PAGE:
The Momentum On Ear From Sennheiser
How it sounds
The temptation here is to simply compare it to the bigger Momentum and say why one is better than other. I think that is a bit lazy actually since the On Ear both tonally and physically is aiming for a different market to me. Better to see this in comparison to the V-Moda M80, the Soundmagic HP series, the Marshall Montior and of course the Beats Solo. That is where it is sitting right now for me.
The On Ear itself is not really a classic v-shape sound for me, more of a bass dominant curve on the downwarde slide to a slightly recessed and squeezed mid range and smoothed off highs that dont sparkle quite enough to merit any v-shape description. It feels somewhat disjointed though on rock with a lack of coherence in the presentation. The bass dominates most things with a reasonably clear but mildly recessed midrange that struggles to breath as we go to the top end which, though smooth and easy on the ear, lacks any sparkle and thrust to distract from the bottom end for any sense of balance. Rock is not the forte, it just sounds muddled, slow, closed in and struggling to breathe due to the weight of the bottom end. That warm to neutral tonality should make it very flexibile for almost all genres but the bottom end tuning bias really restricts that flexibility when things get demanding, intricate or fast.
You are not going to get huge soundscapes, its not the fastest headpone in the world, it is rather cuppy with rock and indie and possitively loathes jazz and classical. Yet never have I felt more of a ying and yang in an headphone than the on ear when it comes to performance in modern dance genres. If rock makes this can sink without a trace then it does the exact opposite for electronica and the whole dance genre. This is where the on ear really earns it’s crust.
The Ying and Yang of the On Ear
This is not a headphone for the purist, the audiophile, the balanced hunter or the treblehead – this is an out and out consumer basshead headphone and wears its colors with pride. The schziophrantic personality of the On Ear both puzzles and delights. The muddled dirge of Bad Relgions slugfest “Heroes & Mrtyrs” gives way to the pitch perfect dance hall elegance of “You’re not alone” from David Guetta. The bass is both addiciting and off putting at the same time. It is a headphone for casual dance listeners who just love bass. If the HD25-I II sounded like it is behind the deck mixing then the On Ear is the audience standing right in front of the speaker lapping it all up and coming back for more. I have been there so many times many years ago and frankly this sounds exactly like that feeling.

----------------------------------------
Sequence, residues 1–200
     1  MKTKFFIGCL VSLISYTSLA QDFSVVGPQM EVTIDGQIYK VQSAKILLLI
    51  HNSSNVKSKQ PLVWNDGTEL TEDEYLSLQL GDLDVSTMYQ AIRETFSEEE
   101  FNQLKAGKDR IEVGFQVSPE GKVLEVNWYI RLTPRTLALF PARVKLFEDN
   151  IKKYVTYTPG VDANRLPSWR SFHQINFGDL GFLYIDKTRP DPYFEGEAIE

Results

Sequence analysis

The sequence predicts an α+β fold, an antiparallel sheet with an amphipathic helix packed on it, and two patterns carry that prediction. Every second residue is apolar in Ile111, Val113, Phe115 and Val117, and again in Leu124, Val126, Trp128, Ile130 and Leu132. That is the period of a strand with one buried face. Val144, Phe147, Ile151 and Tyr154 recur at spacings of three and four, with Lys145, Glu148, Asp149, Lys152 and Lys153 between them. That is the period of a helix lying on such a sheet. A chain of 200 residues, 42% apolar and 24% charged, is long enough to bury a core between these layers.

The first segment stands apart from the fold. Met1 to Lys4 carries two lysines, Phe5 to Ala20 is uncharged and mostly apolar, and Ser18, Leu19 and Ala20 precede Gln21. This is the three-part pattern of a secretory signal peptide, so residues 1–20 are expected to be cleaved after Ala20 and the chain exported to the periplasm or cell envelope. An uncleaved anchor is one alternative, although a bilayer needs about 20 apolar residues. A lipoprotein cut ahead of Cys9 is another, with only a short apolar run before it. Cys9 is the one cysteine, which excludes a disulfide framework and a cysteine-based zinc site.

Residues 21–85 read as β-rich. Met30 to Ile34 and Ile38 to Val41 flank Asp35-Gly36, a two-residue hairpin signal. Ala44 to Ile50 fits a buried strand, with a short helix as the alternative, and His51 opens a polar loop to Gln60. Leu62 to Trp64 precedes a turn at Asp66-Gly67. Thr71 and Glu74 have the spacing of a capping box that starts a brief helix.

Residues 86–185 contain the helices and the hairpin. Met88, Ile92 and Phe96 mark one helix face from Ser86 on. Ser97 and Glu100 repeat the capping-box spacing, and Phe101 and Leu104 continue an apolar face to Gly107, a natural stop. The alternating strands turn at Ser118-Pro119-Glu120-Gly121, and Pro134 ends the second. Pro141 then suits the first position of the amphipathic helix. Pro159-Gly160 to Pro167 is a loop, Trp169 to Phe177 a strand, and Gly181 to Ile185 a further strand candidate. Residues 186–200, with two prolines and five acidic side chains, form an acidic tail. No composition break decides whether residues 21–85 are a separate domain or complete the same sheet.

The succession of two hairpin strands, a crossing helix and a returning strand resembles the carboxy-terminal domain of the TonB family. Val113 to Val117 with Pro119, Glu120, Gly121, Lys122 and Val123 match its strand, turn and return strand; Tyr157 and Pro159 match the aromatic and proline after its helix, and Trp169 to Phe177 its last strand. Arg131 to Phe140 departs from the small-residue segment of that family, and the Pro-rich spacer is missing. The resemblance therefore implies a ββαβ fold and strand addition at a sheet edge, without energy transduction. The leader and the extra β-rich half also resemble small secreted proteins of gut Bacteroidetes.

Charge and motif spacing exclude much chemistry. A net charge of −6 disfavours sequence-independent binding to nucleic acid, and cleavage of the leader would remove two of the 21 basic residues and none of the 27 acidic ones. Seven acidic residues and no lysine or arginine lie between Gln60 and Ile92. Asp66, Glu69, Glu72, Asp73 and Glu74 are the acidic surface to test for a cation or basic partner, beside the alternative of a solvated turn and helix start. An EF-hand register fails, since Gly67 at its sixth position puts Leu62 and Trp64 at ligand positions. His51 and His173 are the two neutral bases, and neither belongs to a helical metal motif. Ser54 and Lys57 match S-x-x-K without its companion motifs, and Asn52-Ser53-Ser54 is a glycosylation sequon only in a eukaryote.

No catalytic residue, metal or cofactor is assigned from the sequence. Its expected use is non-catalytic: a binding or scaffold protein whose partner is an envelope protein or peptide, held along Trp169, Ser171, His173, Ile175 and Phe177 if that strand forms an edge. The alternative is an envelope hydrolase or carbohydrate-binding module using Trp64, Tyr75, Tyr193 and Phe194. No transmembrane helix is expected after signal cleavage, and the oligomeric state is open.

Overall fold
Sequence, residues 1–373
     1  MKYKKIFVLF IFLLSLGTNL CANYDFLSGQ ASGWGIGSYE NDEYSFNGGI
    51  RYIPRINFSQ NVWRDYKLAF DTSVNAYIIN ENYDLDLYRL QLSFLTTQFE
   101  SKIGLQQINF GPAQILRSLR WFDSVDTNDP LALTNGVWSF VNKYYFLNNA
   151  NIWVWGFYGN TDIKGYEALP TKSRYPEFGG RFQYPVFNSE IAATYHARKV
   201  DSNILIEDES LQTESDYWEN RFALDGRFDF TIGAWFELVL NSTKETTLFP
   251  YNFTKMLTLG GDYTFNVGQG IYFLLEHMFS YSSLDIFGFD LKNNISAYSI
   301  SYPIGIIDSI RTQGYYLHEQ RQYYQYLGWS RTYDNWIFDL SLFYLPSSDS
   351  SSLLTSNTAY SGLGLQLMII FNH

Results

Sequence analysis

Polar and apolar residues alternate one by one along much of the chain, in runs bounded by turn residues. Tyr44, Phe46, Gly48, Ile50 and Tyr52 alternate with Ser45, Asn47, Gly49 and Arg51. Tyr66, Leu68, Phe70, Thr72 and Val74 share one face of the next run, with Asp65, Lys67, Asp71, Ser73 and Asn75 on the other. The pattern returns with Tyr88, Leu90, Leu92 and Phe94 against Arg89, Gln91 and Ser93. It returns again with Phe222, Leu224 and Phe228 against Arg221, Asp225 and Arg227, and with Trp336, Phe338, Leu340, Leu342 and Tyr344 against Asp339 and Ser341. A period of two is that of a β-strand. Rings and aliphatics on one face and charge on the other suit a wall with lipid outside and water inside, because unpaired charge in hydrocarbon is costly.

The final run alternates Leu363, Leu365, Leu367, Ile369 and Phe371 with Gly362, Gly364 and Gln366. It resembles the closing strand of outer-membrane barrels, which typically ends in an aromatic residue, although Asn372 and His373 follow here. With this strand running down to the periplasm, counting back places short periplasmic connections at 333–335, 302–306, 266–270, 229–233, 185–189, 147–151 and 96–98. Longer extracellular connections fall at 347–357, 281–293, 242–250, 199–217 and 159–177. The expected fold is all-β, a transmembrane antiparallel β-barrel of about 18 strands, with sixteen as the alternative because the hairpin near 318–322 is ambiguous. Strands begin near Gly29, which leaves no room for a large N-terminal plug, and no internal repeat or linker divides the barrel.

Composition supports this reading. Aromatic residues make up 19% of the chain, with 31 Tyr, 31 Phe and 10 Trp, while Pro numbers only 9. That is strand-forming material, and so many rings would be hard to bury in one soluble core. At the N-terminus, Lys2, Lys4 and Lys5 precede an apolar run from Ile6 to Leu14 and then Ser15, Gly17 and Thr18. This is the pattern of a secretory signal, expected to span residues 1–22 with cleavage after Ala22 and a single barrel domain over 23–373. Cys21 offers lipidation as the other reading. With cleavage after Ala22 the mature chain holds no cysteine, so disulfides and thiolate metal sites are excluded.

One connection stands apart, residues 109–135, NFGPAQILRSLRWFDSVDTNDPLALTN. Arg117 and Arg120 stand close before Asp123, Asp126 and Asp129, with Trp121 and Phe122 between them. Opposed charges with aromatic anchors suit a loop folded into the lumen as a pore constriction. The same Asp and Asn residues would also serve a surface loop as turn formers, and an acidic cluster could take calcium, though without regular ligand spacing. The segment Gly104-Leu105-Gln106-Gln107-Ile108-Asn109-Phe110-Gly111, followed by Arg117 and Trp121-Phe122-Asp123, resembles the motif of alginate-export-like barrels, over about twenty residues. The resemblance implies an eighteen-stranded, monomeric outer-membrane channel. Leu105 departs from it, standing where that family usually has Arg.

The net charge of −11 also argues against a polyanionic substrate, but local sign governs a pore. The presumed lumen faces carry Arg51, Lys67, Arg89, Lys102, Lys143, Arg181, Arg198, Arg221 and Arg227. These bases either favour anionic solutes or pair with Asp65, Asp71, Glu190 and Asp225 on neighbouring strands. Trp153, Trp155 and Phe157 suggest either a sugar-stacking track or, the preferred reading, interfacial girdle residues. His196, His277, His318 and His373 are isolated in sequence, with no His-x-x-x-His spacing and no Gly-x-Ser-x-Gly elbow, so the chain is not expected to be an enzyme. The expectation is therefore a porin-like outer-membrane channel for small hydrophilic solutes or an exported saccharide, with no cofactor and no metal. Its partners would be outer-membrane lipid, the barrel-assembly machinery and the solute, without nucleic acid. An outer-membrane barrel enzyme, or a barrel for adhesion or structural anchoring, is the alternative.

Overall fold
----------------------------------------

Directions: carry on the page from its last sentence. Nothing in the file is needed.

The more I play the On Ear the more I have grown to like it. Play it to its strengths (dance, R&B, hip-hop) and it is a reasonably consistent and endearing headphone with a musical personality that is wildly colored and bass dominant but still retains a smooth enough tonality and a certain finesse to edge out the likes of the Beats by some margin. It certainly has the edge over the Marshal Monitor with or without the felt system, the driver feels far more refined in that respect. The Zinken has a more balanced presentation but the driver also sounds a little rough compared to the On Ear and of course no contest in terms of which has more bass, the On Ear over the Soundmagic HP series. I would still give the edge though to the V-Moda M-80 – slightly more compelling and balanced presentation, less cuppy and better highs.
Just a quick note though 18ohms the On Ear is not the most sensitive of headphones. Plugged direct out of 7th Gen Classic iPod and volume sat in and around 75% for decent levels of volume. Direct out my BB Z10 I had it almost full whack and started experiencing slight distortion and clipping using Neutron and flac. Sounded much better amped though again too much and it doesn’t have a great match. I actually found the Miniwatt N4 usb dac/amp I normally have running to an old Bada Ph-30 to be a wonderfully smooth and rich match. The Theorem 720 DAC/AMP worked pretty well also though I have spent a lot less time with that.
The On Ear is a beguiling headphone designed for the pure joy and musicality of sticking your head in front of a big speaker in a dance hall and letting it all hang out. Audiophiles take a pass and go to the opera house or something two blocks down because after an initial eyebrow frown I have actually grown to like the On Ear for what it actually is – a dance freaks joy can. There is no sense in talking technical purity, little debate on the merits of avoiding rock and indie and anything remotely layered and expansive, yet I can honestly detect underneath all that tonal coloring is a rather well constructed driver that has simply been put in one singular direction. If this sounds appealing to you then I guess you are standing in the same direction.
Impedance 18 Ω
Frequency response 16–22,000 Hz
Sound pressure level (SPL) 112 dB (1 kHz/1 Vrms)
THD, total harmonic distortion < 0.5% (1 kHz, 100 dB SPL)
Contact pressure approx. 3.2 N
Ear coupling Supra-aural
Jack plug Cable 1: 3.5 mm low profile angled plug
Jack plug Cable 2: 3.5 mm straight plug
Cable length Cable 1: 1.4 m iPod®/iPhone® cable with integrated smart remote and microphone
Cable length Cable 2: 1.4 m cable for computers, phones, music players and any device with a headphone output
Transducer principle Dynamic, closed
Weight 160 g (including remote)
Load rating 200 mW